The "correct" way to continue the dialogue is to edit your question to add more detail. I think this only works if you register your account, though (which is highly recommended for active participation). We should probably add this to the FAQ, thanks for the pointer! –  Jake Oct 13 '11 at 1:07
    
@Bob: In addition to what Jake says, we like to keep each question focussed on one issue. Now, in this case you probably need the answers on several things at once to get anywhere, so that's fine, but where possible it's best to ask a series of focussed questions and link them if necesary. –  Joseph Wright Oct 13 '11 at 6:04
    
@Bob: Your first unregistered account expired and your second post was then posted under a new, but almost identical looking account. I merged both accounts together now so that you can edit your question again. Please consider registering your account fully to avoid this in the future. I also moved your second post, and the comments below it, to the question. –  Martin Scharrer Oct 13 '11 at 7:17
add comment

2 Answers

up vote 1 down vote accepted

The example in the updated answer misses a couple of details: you have to announce what .bib file(s) to search in; moreover you somewhere have to tell LaTeX where to print the bibliography:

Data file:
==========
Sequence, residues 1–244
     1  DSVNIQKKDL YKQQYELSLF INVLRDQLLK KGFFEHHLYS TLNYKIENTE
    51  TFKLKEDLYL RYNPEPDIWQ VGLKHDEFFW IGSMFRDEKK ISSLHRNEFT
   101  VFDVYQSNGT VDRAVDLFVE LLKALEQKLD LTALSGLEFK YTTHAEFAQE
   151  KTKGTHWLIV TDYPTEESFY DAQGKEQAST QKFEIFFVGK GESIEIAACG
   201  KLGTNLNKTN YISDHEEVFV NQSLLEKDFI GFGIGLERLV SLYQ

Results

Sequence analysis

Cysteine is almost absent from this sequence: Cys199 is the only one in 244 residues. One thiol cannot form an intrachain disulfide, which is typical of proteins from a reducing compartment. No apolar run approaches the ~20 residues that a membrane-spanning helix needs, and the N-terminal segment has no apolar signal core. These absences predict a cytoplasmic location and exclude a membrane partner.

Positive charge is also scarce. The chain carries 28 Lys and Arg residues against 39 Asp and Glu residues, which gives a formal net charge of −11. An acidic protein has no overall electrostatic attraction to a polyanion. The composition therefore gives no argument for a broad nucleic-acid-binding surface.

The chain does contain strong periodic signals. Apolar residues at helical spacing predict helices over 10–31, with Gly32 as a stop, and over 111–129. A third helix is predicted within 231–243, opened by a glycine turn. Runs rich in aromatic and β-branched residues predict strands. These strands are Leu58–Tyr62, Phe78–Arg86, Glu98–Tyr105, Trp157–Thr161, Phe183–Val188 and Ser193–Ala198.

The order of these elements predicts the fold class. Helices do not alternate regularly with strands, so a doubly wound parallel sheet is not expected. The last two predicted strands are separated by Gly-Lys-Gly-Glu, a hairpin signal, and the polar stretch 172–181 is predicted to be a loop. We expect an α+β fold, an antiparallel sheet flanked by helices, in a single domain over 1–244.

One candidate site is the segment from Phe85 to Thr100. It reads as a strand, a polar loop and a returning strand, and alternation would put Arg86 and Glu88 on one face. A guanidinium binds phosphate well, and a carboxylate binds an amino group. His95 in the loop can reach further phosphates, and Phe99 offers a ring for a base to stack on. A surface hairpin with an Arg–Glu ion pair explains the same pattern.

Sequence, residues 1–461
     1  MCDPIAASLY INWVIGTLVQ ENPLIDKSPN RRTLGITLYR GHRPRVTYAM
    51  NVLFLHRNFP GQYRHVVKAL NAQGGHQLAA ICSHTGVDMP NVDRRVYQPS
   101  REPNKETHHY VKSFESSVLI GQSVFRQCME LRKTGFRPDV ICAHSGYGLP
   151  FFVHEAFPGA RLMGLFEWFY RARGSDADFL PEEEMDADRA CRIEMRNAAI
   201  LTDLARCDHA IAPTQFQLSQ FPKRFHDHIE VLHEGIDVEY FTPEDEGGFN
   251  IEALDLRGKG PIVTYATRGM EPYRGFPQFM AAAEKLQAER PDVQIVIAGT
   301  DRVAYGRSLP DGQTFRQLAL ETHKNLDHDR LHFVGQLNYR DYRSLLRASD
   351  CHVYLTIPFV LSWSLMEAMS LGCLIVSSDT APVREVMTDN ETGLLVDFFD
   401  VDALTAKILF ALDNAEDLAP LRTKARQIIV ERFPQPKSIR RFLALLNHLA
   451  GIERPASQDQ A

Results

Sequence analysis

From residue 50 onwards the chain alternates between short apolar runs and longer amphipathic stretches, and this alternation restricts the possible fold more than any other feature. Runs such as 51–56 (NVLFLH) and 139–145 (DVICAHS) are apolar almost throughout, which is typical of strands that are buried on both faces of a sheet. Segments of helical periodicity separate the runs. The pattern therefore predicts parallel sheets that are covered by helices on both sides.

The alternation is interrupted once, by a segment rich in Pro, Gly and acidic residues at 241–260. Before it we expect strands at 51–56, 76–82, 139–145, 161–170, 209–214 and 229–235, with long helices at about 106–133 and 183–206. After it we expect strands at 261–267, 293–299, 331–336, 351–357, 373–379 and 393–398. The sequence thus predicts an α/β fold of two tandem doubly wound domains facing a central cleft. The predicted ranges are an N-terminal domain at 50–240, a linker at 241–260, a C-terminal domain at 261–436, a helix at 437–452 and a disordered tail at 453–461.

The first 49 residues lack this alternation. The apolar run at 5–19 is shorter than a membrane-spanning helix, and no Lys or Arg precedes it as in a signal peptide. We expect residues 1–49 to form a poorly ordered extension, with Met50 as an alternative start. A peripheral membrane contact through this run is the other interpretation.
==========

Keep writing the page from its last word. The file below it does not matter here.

\documentclass[a4paper,12pt]{article}
\usepackage[style=numeric-comp,doi=false]{biblatex}
\bibliography{bob}

\title{Here is the title.}
\author{John S. Doe}
\begin{document}
\maketitle
\begin{abstract}
    Blah blah blah-blah blah.
\end{abstract}
\section{Introduction}
    Blah blah blah-blah blah \cite{AD_Smith2001}.
    Blah blah blah-blah blah.

\printbibliography
\end{document}

Here's where biblatex differs from the usual way: the \bibliography command (or the more modern \addbibresource) should go in the preamble, while the bibliography is printed by \printbibliography.

The command to run for checking the references with the database is

bibtex bob

(if bob.tex is your main file) or

biber bob

but this one requires also backend=biber in the options to biblatex.

Add url=false to the options given to biblatex if you don't want the URL to be printed.

share|improve this answer
    
Got it. This is the greatest thing since the invention of sliced bread. –  Bob Alexander Oct 13 '11 at 12:11
add comment

Ad 1: These are package options, i.e., your document preamble would include a line like

\usepackage[style=<somebiblatexstyle>,doi=false,isbn=false,url=false]{biblatex}

Ad 2: TeX Live 2011 includes all you need to use biblatex. However biblatex is a replacement for (among other packages) natbib. Instead of using natbib and its unsrtnat bibstyle, you would say \usepackage[style=numeric-comp,sorting=none]{biblatex}. (It is likely that the formatting will be somewhat different by default.)

See also What to do to switch to biblatex?

share|improve this answer
add comment

Your Answer

 
discard

By posting your answer, you agree to the privacy policy and terms of service.

Not the answer you're looking for? Browse other questions tagged or ask your own question.